By Barb Hauge
Auntie Kirkhoven came to The Ranch to take care of me when our baby girl miscarried. I had been traveling with my husband for three months on the West Coast while Frank took invasion training. This happened two days before he was shipped out to the Pacific where he was killed.
Auntie spoke with a British accent, which I attempt to mimic when reciting my poem about her life: Born in England, Auntie's feet turned in, but she clumped right along. She'd learned to be a nurse over there. She was brave and good and strong. "Make do with what you have, dear lass, for youth and perfection will always pass."
Auntie started to America a long time ago on a ship called the Titanic. She survived the horrible journey. In life's struggle Auntie never did panic. "For those survivors who seemed that they would, I helped them in every way that I could."
One day a young girl came to her door, pregnant though still unwed. The man she worked for had left her this way when he stole at night to her bed. "Make do, no matter what happens, my dame, for the child within you is not to blame." Auntie kept the girl until the child was born. A retarded boy came out. The girl disappeared one summer day. Auntie raised the poor little lout. "Every child needs love," she said. "I cannot think he should be dead."
Her nursing took her far and wide. She rode Montana's land helping the sick and lonely; giving everyone a hand. "We all need to know that someone cares. Doesn't matter if you're mine or theirs." Her horse swam rivers to be at a birth. Her gun kept a drunk from his poor wife's bed. If he had his way with her the poor wife would be dead. "You may think as a man you can do as you please, but I'll cut you off above the knees."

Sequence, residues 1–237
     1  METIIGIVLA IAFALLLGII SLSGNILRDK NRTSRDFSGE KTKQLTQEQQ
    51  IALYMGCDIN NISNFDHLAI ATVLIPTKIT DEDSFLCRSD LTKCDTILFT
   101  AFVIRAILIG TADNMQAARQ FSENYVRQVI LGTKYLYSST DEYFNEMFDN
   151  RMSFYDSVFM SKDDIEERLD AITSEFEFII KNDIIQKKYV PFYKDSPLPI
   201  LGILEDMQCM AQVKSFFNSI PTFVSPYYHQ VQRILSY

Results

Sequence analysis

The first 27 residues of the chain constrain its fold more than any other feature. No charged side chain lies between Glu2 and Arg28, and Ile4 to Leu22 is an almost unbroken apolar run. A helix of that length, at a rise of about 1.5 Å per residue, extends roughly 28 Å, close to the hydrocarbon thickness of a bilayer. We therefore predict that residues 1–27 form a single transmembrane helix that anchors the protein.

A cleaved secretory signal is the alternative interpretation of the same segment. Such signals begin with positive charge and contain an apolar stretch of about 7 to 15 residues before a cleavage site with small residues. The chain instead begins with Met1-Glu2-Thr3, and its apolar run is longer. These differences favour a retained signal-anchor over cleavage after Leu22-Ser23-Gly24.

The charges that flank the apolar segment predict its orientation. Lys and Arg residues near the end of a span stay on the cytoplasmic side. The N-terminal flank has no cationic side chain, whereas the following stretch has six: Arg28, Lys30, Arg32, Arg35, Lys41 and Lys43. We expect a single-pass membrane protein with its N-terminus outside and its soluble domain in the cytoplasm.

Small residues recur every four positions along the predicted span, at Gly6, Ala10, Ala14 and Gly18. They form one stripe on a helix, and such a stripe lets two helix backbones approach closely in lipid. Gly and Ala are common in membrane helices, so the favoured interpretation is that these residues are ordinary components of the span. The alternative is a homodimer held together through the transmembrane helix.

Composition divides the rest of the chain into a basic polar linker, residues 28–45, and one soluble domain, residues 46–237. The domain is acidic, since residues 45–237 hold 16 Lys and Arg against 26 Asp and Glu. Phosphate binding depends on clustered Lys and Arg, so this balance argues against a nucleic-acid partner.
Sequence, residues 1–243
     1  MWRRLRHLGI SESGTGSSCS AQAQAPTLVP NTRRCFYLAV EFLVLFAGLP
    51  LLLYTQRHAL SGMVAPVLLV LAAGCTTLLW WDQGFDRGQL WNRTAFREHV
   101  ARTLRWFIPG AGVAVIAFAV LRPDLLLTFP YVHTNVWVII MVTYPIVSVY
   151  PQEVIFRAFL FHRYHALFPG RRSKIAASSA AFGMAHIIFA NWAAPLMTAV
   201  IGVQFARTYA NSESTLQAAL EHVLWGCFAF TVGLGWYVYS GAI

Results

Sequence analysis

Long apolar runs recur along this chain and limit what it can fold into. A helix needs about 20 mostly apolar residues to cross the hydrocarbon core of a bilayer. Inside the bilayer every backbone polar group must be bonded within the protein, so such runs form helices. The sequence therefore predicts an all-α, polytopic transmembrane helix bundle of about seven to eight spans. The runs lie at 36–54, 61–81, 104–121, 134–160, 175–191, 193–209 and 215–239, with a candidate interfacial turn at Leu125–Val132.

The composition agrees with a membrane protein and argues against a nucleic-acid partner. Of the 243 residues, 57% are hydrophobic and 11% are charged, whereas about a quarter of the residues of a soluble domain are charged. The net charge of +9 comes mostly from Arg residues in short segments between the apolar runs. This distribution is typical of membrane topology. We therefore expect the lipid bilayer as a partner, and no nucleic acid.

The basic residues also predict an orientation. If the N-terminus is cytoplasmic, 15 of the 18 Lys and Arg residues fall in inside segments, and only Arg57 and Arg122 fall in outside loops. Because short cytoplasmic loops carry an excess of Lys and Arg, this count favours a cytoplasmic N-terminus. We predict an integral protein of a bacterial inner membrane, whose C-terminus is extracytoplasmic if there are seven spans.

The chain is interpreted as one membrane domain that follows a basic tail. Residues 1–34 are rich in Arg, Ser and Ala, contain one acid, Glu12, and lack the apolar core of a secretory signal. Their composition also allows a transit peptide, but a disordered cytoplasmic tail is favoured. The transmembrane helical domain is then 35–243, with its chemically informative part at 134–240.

Doctors today would have a fit if they had to make Auntie's house calls. Nothing every slowed her down. Not snow nor mud nor summer squalls. "My club-feet never did me in. I learned to get up and begin again."
Auntie's retarded foster son, Ronald, was a classmate of mine when I attended Chinook School. My friend Marion Johnson and I helped protect Ronald from boys who pulled cruel pranks. Ronald was really a gentle soul, but one day when we were absent, he retaliated against his tormentors by throwing rocks and was expelled from school.
Before Auntie died she established a trust to take care of Ronald and appointed Maida McCartney, who had a radio program "The Chinook Hour," to administer the trust. "I love those dear hearts and gentle people who live and love in my home town" was "Chinook Hour's" theme song.
By that time I was remarried and living on the Big Flat. Ronald started attending our Blaine County Farmers Union pot luck dinners dressed in rags and so hungry he ate everything in sight. I met Maida on the street with some of her friends one day, told her of Ronald's plight and asked what happened to his trust money. She said he must be spending the money she gave him foolishly. He died a few years later.
Auntie Club-Feet was the only person I knew who had been aboard the ill-fated Titanic Ocean Liner, sunk when it struck an iceberg, April 15, 1912.